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Notes on the Formation of the Federal Government, 5 January 1798

Notes on the Formation of the Federal Government

1798. Jan. 5. I recieve a very remarkeable fact indeed in our history from Baldwin & Skinner. before the establishment of our present government a very extensive combination had taken place in N. York & the Eastern states among that description of people who were partly monarchical in principle or frightened with Shays’s rebellion & the impotence of the old Congress. delegates in different places1 had actually had consultations on the subject of seizing on the powers of a government & establishing them by force, had corresponded with one another, and had sent a deputy to Genl. Washington to sollicit his co-operation. he calculated too well to join them. the new Convention was in the mean time proposed by Virginia & appointed. these people believed it impossible the states should ever agree on a government, as this must include the impost and all the other powers which the states had a thousand times refused to the general authority. they therefore let the proposed convention go on, not doubting it’s failure, & confiding that on it’s failure would be a still more favorable moment for their enterprize. they therefore wished it to fail, & especially when Hamilton their leader brought forward his plan of govmt, failed entirely in carrying it & retired in disgust from the Convention. his associates then took every method to prevent any form of govmt being agreed to. but the well intentioned never ceased trying first one thing then another till they could get something agreed to. the final passage & adoption of the constitution compleatly defeated the views of the combination, & saved us from an attempt to establish a govmt over us by force. this fact throws a blaze of light on the conduct of several members from N.Y. & the Eastern states in the Convention of Annapolis & the Grand convention. at that of Annapolis several Eastern members most vehemently opposed Madison’s proposition for a more General Convention with more general powers. they wished things to get more & more into confusion to justify the violent measure they proposed. the idea of establishing a govmt by reasoning & agreemt they publicly ridiculed as an […]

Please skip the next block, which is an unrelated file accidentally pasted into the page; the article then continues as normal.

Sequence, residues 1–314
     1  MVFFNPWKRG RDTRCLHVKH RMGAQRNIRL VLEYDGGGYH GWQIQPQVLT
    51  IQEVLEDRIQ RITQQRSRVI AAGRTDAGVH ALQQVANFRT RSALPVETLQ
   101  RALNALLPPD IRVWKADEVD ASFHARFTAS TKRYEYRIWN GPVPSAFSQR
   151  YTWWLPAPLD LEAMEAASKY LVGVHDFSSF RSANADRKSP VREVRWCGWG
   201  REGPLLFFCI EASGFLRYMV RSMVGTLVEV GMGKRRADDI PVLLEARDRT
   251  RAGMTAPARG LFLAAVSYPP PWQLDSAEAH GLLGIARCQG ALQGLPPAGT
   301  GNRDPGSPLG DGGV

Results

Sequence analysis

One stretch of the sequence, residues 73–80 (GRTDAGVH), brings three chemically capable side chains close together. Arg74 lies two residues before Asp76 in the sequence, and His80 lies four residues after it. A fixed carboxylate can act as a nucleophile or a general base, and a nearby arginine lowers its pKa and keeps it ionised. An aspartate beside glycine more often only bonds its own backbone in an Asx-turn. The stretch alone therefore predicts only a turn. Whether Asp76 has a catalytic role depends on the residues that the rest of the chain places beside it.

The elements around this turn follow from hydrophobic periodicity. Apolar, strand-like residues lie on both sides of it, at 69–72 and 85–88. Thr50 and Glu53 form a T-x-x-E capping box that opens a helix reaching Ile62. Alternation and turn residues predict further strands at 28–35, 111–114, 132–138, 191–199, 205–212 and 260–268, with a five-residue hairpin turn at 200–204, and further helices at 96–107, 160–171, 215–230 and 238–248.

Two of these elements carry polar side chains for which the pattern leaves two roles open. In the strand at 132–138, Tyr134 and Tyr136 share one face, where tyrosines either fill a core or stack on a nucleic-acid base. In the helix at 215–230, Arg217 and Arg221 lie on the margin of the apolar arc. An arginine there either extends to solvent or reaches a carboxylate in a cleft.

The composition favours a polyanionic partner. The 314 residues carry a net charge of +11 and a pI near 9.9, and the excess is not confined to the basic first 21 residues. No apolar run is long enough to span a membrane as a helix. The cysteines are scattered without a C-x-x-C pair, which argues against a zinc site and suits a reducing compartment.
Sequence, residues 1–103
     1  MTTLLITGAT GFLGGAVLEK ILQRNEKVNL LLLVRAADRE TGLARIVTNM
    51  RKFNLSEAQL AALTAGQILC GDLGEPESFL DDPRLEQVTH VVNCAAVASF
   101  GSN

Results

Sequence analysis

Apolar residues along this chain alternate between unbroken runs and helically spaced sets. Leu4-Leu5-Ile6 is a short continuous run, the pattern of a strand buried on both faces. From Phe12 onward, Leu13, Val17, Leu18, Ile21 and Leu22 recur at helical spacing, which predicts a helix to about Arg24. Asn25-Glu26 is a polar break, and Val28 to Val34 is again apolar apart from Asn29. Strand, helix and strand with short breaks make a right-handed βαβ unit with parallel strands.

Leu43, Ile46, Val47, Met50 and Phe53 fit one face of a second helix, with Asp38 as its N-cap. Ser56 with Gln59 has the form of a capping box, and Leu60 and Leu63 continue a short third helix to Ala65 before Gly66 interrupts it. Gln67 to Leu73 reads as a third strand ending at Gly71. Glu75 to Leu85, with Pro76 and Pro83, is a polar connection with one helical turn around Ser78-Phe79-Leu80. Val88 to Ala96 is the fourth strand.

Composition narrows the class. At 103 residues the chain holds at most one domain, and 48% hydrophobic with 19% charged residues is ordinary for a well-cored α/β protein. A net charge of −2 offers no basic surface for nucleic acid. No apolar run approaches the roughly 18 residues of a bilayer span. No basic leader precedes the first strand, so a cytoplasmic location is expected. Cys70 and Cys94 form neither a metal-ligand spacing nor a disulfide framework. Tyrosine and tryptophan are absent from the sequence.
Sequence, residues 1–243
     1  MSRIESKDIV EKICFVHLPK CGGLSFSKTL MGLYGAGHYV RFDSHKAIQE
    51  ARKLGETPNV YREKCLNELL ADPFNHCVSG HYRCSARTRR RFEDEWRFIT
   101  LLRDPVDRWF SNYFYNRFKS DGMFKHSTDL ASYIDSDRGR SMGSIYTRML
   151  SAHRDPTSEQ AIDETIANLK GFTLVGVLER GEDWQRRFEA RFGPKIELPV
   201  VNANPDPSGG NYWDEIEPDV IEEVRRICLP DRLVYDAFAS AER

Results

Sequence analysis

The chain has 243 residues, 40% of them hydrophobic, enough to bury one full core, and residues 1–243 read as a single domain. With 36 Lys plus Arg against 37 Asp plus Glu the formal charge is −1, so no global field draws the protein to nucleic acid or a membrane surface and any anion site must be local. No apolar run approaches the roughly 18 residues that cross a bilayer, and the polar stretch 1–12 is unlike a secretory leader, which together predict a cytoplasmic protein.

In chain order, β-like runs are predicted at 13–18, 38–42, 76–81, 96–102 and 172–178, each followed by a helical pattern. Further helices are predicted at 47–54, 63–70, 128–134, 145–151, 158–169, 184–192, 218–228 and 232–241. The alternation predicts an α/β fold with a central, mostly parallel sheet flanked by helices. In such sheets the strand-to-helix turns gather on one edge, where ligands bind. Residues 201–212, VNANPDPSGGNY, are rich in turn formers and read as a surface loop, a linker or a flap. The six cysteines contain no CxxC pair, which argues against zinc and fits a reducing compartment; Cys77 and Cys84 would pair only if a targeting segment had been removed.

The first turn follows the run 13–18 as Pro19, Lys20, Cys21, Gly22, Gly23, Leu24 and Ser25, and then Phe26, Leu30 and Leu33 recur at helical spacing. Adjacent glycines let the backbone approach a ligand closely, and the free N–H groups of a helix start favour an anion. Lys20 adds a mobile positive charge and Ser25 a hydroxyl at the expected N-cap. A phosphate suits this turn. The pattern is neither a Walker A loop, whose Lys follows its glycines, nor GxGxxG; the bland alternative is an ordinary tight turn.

MS (DLC: TJ Papers, 102:17524); entirely in TJ’s hand; incomplete, with remainder of sheet torn away; written on verso of sheet with Notes on Comments by John Adams and Robert Goodloe Harper, 26 Dec. 1797, and Notes on a Conversation with Tench Coxe, [27 Dec. 1797].

Congressmen Abraham Baldwin of Georgia and Thomson J. Skinner of Massachusetts resided with TJ at Francis’s hotel. Baldwin had served as a delegate to the Constitutional Convention of 1787 and often made reference to its deliberations in his speeches (DAB description begins Allen Johnson and Dumas Malone, eds., Dictionary of American Biography, New York, 1928–36, 20 vols. description ends ; A List of the Names, and Places of Residence, of the Members of the Senate and House of Representatives of the United States [Philadelphia, 1797]). On 13 Jan. the plan of govmt, which Alexander Hamilton included in his speech before the Constitutional Convention on 18 June 1787, appeared in the Philadelphia Aurora with the caption “Proposition Of Colonel Hamilton of New-York, in the Convention for establishing a Constitution of Government for the United States” and a note that the document was obtained “thro’ a certain tho’ indirect channel, from a member of the Grand Convention.” Of the four men known to have taken notes on Hamilton’s speech during the secret deliberations—James Madison, Rufus King, delegate from Massachusetts, and New Yorkers John Lansing, Jr., and Robert Yates—the account in the Aurora most closely followed that of Madison. Hamilton left the convention on 29 June 1787 but returned to Philadelphia about five weeks later and by the middle of August was again taking part in the debates (Syrett, Hamilton description begins Harold C. Syrett and others, eds., The Papers of Alexander Hamilton, New York, 1961–87, 27 vols. description ends , 4:178, 207–11, 223).

1Preceding three words interlined.

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